For one weekend in May every year, the ‘Wee Red Toon’ of Kirriemuir quadruples in size as AC/DC fans gather from all corners of the globe for three days of rock ‘n’ roll concerts in celebration of the life of the iconic rock ‘n’ roll band’s former frontman Bon Scott.

Fist in the air and clutching a set of bagpipes on Bellies Brae stands tall a life-size bronze statue of Scott, who emigrated from the Angus town to Australia aged six with his family on the so-called “ten-pound-pom-ticket” like AC/DC founders Angus and Malcolm Young. 

The statue was unveiled in 2016 on the 10th anniversary of BonFest International Rock Festival, and has since then become the centrepiece for the event, while drawing in visitors to Kirriemuir from near and far. 

Amid calls from the likes of Scottish radio presenter and DJ Jim Gellatly for AC/DC to be honoured in Glasgow, where the Young brothers who formed the band spent their early years, BonFest chairman John Crawford told The Herald of his surprise that Glasgow hasn’t yet followed in the footsteps of Kirriemuir.

READ MORE: AC/DC Glasgow: Radio presenter backs calls for city memorial to band

He said: “I think the whole AC/DC story is fascinating as is the Glasgow/Kirriemuir connection. The Young brothers and Bon Scott never knew each other and yet they ended up in Australia and it just so happened that they came together to form one of the best rock bands if not the best rock band in the world.

“I’m actually surprised that Glasgow hasn’t done something beforehand when you see lots of different famous figures have been honoured in the city, it’s just a shame that Glasgow hasn’t recognised Angus and Malcolm beforehand. 

“I think it’s something that Glasgow absolutely needs. You look at Liverpool with The Beatles and all the rest of it and Black Sabbath in Birmingham. So why not? They should definitely have something.

The Herald: BonFest International Rock Festival (pic credit: Craig Cantwell)BonFest International Rock Festival (pic credit: Craig Cantwell) (Image: BonFest/Craig Cantwell)

“Kirriemuir itself has benefited greatly since the Bon Scott statue was put in through increased tourism which has resulted in increased finances for the town. I maintain the area around the statue quite often and I bump into a lot of people and get chatting to them. 

“The most common factor is that people have only dropped in to Kirriemuir because the statue is there but while they are there they will go to a couple of restaurants or hotel and have lunch or whatever or make a weekend of it and explore round about and base themselves in Kirriemuir. If it wasn't for that AC/DC Bon Scott connection they would never have done that. It’s been such a great success for such a small town.”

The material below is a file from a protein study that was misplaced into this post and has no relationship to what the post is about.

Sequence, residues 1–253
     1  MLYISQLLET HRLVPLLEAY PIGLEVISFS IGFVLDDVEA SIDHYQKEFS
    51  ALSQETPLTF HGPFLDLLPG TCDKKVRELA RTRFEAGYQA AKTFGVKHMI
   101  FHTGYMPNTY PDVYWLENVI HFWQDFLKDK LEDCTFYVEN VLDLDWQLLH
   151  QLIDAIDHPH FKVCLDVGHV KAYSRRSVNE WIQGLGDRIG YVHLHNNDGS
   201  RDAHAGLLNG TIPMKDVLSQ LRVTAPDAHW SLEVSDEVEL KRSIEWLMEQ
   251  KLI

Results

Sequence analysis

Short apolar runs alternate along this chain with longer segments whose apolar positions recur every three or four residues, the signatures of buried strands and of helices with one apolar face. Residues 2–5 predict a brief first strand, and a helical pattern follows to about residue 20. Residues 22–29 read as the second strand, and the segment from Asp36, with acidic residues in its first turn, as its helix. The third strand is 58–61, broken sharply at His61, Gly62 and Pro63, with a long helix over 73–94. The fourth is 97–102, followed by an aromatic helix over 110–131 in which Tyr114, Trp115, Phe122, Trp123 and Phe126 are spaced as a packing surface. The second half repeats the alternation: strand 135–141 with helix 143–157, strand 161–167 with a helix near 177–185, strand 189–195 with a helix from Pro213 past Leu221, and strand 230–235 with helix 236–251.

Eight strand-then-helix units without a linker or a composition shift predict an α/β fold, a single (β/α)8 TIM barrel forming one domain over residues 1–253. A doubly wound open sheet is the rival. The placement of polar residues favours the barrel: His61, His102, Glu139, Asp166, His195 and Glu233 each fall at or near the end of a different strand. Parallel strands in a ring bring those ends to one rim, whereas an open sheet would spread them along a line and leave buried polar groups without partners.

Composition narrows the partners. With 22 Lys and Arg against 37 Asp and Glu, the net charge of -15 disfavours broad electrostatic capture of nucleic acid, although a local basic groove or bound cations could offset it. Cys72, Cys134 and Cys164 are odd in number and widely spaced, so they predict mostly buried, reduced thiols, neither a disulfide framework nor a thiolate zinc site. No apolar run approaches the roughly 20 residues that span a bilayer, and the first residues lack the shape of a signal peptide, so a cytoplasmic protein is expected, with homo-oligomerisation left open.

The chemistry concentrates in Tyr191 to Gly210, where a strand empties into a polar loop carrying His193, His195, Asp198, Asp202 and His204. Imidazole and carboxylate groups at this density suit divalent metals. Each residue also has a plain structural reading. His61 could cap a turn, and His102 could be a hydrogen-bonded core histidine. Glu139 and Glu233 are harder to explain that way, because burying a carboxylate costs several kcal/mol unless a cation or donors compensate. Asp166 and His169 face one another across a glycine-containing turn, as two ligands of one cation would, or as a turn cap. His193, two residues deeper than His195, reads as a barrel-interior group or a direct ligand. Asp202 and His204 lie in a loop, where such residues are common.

For a memorial to AC/DC to become a reality in Glasgow, Mr Crawford believes that the city needs an individual or group to lead a campaign as he himself and those involved in or attending BonFest International Rock Festival did to make the idea of a Bon Scott statue become a reality. 

He added: “BonFest kicked off in 2006, so we had 10 years prior to the statue, or eight years with two years of funding. We had quite a loyal fanbase and quite a loyal global following anyway which made us think we could do it. I don’t know who in Glasgow who would lead a crowdfunding campaign, it’s not as easy as it sounds. 

“I would absolutely get behind it and obviously promote them in anyway whoever ‘they’ may be if it ever comes to fruition but it’s difficult. I know a lot of people in Glasgow that are massive AC/DC fans but you are looking at raising over £50,000, which our Bon statue cost. Are you doing an Angus and Malcolm statue or something to symbolise AC/DC or what? Because you’d probably be looking at, especially in today’s climate, £100,000 for a double statue.

“We got no backing or help at all from the local council or local government or anything. The only thing they did for us was give us an area where we could place the statue. There was a bit of land we got from the council which we basically rent off them for £1 a year for 50 years or something like that.

“As I said, we would 110 per cent get behind them and work with them if we could achieve the goal.”

Meanwhile, Glasgow City Council has said it would be “open” to considering any proposal for a memorial in the city playing tribute to the founding members of AC/DC.

A spokesman for the council told The Herald: “We are open to considering any proposal to mark the achievements of a world-famous band with proud Glaswegian roots.”